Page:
Learning a Good Tennis Forehand Slice Shot is a great tool for your tennis career. It is used by all the professionals to get out of sticky situations like hard to return balls.
A good tennis forehand slice shot is very important and is used at all levels of play whether it be professional or club level.
A good slice can hit in one of two ways. One is to hit with backspin which is the most common one and is used by pro players and one is to hit with some backspin and some side spin. While it is used by some great players, the easier and the more effective one is the one with backspin. Hitting a good forehand slice will help you get back into points that you have no business winning, Rafael Nadal one of the best returners of the game has use the forehand slice to win some memorable points over the years.
The forehand slice shot is generally less favored compared to the traditional forehand shot because players have more control over the the topspin forehand shot than they do on the slice. But a good forehand slice shot is needed when the ball is high or when it is too short to convincingly hit a good topspin forehand shot. The slice forehand is also useful for making an approach to the net as it makes the ball bounce very low in the opponent’s court and makes it difficult to hit a powerful return or a passing shot.
A good slice shot affects the momentum of your opponent as it slows down the point and lowers the bounce of the ball. Adding the slice to your arsenal allows you to always keep your opponent guessing and never get too comfortable playing against you. And that is the main game plan if you want to succeed in tennis, never let your opponent get comfortable against you, you have to always be in their minds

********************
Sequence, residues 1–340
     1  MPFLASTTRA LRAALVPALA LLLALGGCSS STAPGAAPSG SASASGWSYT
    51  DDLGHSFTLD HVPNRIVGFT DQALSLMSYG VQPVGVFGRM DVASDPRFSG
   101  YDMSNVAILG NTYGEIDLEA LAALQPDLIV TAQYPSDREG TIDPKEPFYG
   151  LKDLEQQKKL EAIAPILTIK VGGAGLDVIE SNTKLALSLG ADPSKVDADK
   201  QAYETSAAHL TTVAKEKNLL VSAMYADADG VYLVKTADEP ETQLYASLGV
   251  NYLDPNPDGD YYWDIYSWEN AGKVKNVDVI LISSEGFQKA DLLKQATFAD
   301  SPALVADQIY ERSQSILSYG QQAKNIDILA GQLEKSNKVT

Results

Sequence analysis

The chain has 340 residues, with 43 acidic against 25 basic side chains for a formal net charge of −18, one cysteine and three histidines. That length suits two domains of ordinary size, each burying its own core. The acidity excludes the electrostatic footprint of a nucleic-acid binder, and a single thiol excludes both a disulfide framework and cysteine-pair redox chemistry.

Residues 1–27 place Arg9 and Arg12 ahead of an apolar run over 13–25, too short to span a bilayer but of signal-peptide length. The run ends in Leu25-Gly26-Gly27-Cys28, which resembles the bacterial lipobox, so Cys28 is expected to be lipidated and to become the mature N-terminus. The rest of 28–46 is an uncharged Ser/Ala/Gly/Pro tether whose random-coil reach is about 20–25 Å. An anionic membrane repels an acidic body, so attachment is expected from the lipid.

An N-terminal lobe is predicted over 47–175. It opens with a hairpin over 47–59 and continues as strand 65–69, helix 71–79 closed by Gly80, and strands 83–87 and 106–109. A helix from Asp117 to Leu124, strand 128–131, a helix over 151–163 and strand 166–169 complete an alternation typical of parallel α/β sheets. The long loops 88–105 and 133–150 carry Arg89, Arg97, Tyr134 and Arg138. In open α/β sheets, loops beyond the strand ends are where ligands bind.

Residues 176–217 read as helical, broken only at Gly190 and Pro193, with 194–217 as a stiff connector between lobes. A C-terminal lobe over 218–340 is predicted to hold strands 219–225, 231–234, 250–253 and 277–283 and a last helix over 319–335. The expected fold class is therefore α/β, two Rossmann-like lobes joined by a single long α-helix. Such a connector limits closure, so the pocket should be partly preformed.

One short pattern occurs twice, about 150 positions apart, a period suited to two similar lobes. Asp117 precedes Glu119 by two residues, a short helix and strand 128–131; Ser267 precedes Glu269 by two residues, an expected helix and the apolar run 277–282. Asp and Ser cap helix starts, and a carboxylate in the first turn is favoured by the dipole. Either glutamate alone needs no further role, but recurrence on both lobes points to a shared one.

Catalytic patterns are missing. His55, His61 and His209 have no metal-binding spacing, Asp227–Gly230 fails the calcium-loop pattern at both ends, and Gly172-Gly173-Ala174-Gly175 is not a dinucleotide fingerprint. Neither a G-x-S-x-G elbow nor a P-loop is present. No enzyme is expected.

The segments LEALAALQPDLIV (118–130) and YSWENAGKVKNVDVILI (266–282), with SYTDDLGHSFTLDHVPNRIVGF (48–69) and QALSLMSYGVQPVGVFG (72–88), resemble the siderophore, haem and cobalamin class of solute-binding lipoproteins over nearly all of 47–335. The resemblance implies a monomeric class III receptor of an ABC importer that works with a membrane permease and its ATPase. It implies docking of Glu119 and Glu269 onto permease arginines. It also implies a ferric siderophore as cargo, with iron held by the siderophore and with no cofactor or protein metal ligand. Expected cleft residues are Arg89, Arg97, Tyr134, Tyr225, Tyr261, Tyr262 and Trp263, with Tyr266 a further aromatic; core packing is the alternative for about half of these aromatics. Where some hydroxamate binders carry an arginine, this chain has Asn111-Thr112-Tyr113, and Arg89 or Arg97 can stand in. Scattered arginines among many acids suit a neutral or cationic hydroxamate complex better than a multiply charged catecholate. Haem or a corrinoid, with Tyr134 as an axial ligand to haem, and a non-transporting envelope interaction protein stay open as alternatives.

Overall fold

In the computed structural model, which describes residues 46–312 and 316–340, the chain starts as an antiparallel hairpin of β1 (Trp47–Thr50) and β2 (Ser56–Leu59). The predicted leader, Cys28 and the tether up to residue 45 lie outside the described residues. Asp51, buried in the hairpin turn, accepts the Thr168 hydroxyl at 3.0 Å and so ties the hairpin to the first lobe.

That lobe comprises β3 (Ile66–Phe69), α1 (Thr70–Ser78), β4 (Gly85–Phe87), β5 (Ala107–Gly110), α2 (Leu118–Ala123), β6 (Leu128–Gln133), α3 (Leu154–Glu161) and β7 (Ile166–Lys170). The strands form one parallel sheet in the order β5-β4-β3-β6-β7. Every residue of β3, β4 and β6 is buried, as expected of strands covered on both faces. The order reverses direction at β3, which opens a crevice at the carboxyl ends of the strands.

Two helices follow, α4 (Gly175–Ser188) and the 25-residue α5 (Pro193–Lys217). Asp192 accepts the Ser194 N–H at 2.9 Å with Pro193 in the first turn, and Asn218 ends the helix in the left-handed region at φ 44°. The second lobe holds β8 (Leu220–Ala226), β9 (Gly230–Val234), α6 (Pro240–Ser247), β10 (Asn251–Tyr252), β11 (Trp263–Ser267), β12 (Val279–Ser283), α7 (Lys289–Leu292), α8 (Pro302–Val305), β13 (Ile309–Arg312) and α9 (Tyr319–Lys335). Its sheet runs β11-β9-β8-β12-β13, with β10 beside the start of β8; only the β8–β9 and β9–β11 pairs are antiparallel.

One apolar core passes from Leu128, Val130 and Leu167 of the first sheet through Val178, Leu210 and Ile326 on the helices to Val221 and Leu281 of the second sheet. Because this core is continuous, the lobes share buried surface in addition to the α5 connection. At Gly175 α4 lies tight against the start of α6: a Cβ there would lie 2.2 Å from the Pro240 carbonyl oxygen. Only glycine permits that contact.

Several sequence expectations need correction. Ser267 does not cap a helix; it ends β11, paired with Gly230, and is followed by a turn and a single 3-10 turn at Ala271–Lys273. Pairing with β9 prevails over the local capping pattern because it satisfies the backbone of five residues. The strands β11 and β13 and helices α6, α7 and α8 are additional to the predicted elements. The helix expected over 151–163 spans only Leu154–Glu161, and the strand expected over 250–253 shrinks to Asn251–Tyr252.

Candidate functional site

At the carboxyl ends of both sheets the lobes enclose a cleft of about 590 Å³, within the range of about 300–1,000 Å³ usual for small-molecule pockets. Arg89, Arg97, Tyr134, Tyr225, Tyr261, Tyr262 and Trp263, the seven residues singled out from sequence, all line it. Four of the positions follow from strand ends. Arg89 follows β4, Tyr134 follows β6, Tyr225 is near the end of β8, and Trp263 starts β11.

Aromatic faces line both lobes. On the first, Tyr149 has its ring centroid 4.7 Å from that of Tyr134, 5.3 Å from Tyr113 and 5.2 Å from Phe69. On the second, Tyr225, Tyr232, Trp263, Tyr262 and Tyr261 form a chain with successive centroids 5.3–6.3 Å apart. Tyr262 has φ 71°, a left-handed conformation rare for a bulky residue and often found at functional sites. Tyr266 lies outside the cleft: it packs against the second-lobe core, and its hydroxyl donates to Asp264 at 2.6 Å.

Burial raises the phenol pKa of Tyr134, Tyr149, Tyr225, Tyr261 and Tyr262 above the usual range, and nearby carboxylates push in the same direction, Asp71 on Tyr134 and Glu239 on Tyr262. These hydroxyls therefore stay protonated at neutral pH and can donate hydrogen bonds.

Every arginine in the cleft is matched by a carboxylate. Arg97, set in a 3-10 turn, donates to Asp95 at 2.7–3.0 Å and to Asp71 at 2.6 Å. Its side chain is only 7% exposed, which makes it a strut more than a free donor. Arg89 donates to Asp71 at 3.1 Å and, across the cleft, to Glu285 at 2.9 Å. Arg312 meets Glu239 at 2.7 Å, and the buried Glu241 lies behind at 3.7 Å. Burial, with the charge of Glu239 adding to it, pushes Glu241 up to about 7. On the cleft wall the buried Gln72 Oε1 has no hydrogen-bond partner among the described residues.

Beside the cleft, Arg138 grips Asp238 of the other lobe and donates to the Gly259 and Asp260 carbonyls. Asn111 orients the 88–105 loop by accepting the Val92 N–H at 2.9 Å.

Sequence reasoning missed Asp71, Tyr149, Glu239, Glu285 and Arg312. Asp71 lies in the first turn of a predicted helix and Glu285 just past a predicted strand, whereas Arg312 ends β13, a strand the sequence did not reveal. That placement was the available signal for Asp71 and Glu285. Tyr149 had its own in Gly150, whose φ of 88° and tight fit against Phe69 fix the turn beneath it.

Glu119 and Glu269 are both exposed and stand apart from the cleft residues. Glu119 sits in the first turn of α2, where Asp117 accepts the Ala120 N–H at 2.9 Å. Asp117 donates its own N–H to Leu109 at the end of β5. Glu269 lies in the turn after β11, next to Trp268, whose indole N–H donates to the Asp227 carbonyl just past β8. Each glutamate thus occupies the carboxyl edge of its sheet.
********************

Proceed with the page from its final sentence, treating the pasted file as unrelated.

Tennis Forehand Slice Shot Technique and Grip
Some people like to keep their racket face in front of their left shoulder. While this is okay for the right handed player it can be problematic for the left-handed players out there. For the lefties out there move your racket in front of your right shoulder. When you are in the ready position and waiting for your opponent to to return, be ready mentally and physically.
So we are going to use the same grip that we used in the serve tutorial right here and that is the continental grip. Almost all the pros use it for their forehand slice shot and even for their backhand slice shot but we will get to it in another session. People do prefer the eastern or the semi-western grips but I would recommend staying away from them as they add extra complexity to the learning process and that is what we are are trying to avoid here.
All the other intricacies of the forehand slice shot are explained in this video you do not want to get bored by reading about stuff when you can watch it and get it registered in a much more visual way.